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In Special Relativity we can consider spacetime to be the Minkowsky space $\mathbb{R}^{1,3}$ which is just $\mathbb{R}^4$ together with the non degenerate symmetric bilinear form $g$ that in some basis has the matrix $(g_{\mu\nu})=\operatorname{diag}(1,-1,-1,-1)$. In particular we can consider the path of a particle through this spacetime as simply a curve $\alpha : I\subset \mathbb{R}\to \mathbb{R}^{1,3}$.

Such a curve can be written as

$$\alpha(\tau) = (\alpha^0(\tau),\alpha^1(\tau),\alpha^2(\tau),\alpha^3(\tau))$$

With $\tau$ being the proper time (i.e. the time measured on the reference frame of the particle itself). In the classical language, one would refer to $\alpha$ as a position four-vector $\mathbf{R}=(ct,x,y,z)$. Following that classical line of thought we could simply in a non-rigorous way consider infinitesimal changes on the coordinates $dt,dx,dy,dz$ which induces a $d\mathbf{R}$ on the position. Dividing by $dt$ we would get

$$\dfrac{d\mathbf{R}}{dt}=\left(c,\dfrac{dx}{dt},\dfrac{dy}{dt},\dfrac{dz}{dt}\right).$$

If one wanted them how $\mathbf{R}$ changes as $\tau$ changes then we would do

$$\dfrac{d\mathbf{R}}{d\tau} = \dfrac{d\mathbf{R}}{dt}\dfrac{dt}{d\tau} = \gamma (c,\mathbf{v})$$

using time dilation $dt = \gamma d\tau$ and $\mathbf{v}$ as the usual velocity. Although this result is true I would like to know how to do it in the rigorous version. The problem in the rigorous version is that for $i=1,2,3$ the derivative of $\alpha^i$ with respect to $t$ is zero, because $\alpha^i$ is a function not defined on $\mathbb{R}^{1,3}$ where $t$ is a coordinate we can differentiate with respect to, it is defined in $I$ where we can only differentiate with respect to proper-time.

Indeed in the rigorous version this $\mathbf{v}$ doesn't seem to make sense, because it seems to be the derivatives of the $\alpha^i$ with respect to $t$.

So in the rigorous version, what is really this $\mathbf{v}$ and how does one show that $\alpha'(\tau) = \gamma(c,\mathbf{v})$?

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  • $\begingroup$ This is essentially what i posted in: physics.stackexchange.com/a/171121/75518 Note that I used an arbitray parametrisation of the path and just later introduced proper time etc. $\endgroup$ – image Mar 19 '15 at 19:06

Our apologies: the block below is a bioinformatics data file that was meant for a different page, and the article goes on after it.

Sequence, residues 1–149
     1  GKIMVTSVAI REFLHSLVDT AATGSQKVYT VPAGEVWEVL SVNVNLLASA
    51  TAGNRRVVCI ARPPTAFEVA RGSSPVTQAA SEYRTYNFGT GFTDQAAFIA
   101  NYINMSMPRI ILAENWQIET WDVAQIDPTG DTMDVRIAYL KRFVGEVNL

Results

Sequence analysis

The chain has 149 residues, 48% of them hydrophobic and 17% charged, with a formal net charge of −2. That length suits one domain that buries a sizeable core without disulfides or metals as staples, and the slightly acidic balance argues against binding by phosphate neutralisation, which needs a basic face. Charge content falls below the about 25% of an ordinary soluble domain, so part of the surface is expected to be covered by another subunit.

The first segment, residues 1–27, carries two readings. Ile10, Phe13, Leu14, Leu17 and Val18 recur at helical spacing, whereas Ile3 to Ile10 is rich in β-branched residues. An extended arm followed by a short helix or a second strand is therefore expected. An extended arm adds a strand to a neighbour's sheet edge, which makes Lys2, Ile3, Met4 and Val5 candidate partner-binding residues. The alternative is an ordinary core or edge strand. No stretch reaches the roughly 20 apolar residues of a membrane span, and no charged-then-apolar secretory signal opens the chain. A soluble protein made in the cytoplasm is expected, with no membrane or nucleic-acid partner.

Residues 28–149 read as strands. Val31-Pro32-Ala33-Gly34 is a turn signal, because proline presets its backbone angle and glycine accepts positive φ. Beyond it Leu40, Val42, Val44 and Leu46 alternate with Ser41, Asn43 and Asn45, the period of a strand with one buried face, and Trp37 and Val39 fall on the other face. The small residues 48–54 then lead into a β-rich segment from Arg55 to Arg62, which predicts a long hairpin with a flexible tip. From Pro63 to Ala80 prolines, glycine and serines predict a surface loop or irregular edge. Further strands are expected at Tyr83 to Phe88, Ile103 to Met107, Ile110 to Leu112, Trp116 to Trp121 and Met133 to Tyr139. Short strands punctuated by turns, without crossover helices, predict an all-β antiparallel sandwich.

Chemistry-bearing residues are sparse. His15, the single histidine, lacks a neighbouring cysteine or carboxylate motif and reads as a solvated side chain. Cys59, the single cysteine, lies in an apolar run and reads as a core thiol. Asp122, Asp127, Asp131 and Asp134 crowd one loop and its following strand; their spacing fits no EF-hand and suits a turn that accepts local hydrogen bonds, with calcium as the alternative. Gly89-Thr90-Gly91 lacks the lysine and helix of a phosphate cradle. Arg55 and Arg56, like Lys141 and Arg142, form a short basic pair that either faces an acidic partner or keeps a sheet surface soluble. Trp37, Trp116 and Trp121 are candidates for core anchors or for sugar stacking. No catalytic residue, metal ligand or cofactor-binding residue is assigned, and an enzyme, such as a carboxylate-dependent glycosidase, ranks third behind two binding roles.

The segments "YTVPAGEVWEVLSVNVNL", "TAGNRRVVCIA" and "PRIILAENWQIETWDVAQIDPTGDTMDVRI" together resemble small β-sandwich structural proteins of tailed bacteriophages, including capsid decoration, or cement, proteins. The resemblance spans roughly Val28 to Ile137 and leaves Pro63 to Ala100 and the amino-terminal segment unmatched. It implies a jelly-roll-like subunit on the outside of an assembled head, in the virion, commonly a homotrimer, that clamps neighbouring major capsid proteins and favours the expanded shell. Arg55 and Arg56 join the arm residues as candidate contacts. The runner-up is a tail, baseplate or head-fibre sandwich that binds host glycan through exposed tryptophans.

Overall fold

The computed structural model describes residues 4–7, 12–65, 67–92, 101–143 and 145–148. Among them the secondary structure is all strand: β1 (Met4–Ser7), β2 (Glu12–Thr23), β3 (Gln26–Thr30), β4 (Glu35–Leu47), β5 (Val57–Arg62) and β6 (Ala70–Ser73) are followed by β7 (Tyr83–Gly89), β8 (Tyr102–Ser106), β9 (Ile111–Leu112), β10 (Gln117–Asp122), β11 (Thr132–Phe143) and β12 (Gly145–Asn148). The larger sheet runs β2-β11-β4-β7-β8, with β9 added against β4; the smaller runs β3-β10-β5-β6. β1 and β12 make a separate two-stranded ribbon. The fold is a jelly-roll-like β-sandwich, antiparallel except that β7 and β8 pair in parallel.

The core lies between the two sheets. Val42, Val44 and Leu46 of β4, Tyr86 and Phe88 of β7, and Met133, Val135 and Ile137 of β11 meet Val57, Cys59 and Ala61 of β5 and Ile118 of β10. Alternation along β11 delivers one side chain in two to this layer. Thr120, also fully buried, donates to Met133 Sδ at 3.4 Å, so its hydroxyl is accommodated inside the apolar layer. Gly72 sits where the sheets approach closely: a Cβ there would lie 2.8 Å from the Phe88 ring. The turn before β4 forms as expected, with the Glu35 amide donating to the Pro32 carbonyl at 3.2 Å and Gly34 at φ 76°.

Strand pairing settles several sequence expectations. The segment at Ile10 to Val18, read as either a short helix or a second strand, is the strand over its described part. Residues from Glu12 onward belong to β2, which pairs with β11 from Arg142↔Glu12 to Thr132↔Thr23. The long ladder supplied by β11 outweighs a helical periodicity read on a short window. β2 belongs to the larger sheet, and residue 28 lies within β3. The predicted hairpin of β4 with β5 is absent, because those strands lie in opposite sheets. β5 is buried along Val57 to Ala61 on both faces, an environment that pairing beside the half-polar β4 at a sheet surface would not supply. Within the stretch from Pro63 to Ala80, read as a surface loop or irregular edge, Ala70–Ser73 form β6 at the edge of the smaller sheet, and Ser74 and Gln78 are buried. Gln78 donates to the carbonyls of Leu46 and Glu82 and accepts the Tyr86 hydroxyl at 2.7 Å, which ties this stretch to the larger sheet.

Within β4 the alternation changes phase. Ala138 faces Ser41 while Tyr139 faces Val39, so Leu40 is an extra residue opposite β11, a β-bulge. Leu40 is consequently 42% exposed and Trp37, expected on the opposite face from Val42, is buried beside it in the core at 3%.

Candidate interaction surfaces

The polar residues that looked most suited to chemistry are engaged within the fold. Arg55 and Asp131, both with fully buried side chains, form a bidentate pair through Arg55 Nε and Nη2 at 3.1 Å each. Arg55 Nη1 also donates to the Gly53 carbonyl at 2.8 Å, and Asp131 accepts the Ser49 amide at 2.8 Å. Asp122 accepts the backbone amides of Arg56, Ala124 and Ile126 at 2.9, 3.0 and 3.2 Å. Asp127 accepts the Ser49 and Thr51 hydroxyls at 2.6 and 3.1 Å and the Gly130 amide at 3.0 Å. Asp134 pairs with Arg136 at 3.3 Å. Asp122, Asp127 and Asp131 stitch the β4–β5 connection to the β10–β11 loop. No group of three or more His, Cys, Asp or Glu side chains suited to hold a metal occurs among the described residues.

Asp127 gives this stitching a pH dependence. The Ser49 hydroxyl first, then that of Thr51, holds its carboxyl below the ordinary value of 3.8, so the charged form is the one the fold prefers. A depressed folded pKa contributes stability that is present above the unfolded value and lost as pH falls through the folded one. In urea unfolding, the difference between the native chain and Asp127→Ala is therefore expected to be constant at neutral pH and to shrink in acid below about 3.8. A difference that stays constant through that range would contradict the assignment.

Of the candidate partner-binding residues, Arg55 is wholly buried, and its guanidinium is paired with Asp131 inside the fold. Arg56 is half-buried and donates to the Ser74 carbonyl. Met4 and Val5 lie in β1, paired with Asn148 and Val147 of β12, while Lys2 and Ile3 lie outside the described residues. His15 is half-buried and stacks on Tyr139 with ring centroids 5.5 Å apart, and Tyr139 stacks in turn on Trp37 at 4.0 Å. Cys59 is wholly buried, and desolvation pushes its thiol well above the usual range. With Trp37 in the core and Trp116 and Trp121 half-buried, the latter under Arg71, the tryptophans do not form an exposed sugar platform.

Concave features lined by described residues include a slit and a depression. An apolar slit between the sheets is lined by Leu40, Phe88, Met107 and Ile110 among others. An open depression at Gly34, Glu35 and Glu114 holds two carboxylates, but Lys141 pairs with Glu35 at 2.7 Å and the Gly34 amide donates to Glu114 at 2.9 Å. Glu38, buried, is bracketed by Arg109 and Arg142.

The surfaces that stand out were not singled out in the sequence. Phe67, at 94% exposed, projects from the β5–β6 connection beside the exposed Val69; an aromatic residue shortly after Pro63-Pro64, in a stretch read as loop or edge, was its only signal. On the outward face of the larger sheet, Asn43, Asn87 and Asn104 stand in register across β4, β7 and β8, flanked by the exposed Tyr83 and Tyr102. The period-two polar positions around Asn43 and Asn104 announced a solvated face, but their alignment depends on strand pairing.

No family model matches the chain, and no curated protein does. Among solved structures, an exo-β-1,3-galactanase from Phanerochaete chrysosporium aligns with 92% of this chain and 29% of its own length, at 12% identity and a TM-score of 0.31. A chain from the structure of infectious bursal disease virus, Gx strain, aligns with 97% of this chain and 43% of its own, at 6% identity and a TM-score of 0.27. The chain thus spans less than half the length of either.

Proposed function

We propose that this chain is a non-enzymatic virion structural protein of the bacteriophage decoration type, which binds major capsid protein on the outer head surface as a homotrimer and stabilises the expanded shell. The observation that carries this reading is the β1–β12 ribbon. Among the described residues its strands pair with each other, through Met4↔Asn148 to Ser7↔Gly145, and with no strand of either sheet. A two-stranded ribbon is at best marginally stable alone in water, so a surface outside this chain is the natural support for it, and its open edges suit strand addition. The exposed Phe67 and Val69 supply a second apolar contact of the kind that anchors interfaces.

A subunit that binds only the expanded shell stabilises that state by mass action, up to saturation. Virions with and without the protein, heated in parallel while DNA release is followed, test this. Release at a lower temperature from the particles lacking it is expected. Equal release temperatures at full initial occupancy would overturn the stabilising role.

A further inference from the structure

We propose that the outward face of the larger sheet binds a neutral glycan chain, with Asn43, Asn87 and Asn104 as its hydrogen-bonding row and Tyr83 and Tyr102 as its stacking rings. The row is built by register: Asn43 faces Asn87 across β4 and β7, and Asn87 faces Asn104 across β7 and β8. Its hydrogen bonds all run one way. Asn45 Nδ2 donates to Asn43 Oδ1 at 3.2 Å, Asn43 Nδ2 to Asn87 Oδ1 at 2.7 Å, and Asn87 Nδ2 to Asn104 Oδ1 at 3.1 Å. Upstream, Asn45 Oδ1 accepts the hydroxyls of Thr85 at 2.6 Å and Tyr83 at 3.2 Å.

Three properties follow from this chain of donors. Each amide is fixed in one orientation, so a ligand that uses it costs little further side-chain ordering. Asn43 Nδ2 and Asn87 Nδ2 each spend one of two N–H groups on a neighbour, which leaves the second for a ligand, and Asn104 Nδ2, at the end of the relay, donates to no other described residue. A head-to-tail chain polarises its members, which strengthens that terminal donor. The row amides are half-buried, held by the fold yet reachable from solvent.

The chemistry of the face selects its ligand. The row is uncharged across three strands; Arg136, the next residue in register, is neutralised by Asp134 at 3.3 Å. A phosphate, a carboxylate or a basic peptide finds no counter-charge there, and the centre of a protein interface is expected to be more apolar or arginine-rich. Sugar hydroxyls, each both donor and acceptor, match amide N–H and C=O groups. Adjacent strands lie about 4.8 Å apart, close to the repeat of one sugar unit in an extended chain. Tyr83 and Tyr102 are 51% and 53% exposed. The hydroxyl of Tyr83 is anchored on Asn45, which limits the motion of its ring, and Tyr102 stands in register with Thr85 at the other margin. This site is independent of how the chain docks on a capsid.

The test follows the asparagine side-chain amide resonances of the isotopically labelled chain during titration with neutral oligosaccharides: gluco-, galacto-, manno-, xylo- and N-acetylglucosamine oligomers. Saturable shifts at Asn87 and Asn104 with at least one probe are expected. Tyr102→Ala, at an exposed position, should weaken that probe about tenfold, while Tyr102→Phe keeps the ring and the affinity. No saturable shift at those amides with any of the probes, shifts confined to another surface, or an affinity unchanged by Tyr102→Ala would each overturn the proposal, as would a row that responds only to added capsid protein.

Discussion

• $\begingroup$ Also: One does not in a non-rigorous way consider infinitesimal elements. Physicists tend to use that vague language in lectures without clear definitions. There's a exact sience about such stuff, called differential geometry. $\endgroup$ – image Mar 19 '15 at 19:25
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Mathematically, since the coordinates $\alpha$ are functions of $\tau$, you can, assuming certain assumptions on the curve, reexpress the curve as a function from the time coordinate to the spacetime coordinates by writing $\alpha^\mu(t)=\alpha^\mu((\alpha^0)^{-1}(t))$, which is just a reparametrization of the curve from $\tau$ to $t$. The assumptions are in essence that the function $\alpha^0(\tau)$ be invertible, see last comment. They will always be satisfied, if you don't consider limit cases.

Now to prove that $\alpha'(\tau)=\gamma(c,\vec{v})$, you decompose the total derivative with respect to $\tau$ by expressing it via a function of $t$ as you have done and it is rigorous since we have defined the functions $\alpha^\mu(t)$.

Of course it wouldn't work when $\gamma \longrightarrow \infty$, but then you would be going at the speed of light.

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It is incorrect to say that we can only differentiate $\alpha^i$ with respect to proper time. We know that proper time is the parameter along the curve, i.e. a point $x$ on the curve is a function of the proper time $\tau$. This relation is given by the vector $\alpha=\alpha(\tau)$. However, we also have the relation $$\tau(x)=\int^x \mathrm{d}\tau$$ which is just the arc length formula for $\mathbb{R}^{3,1}$. Thus we can write $\alpha(x)=\alpha(\tau(x))$ and take derivatives with respect to coordinates. Note further the relation $$\eta_{\mu\nu}\frac{\mathrm{d}x^\mu}{\mathrm{d}\tau}\frac{\mathrm{d}x^\nu}{\mathrm{d}\tau}=1$$ which is to be solved for $\alpha^i$ in terms of $t$. Thus we can find the components of the curve all in terms of $t$, making the derivatives in the OP possible.

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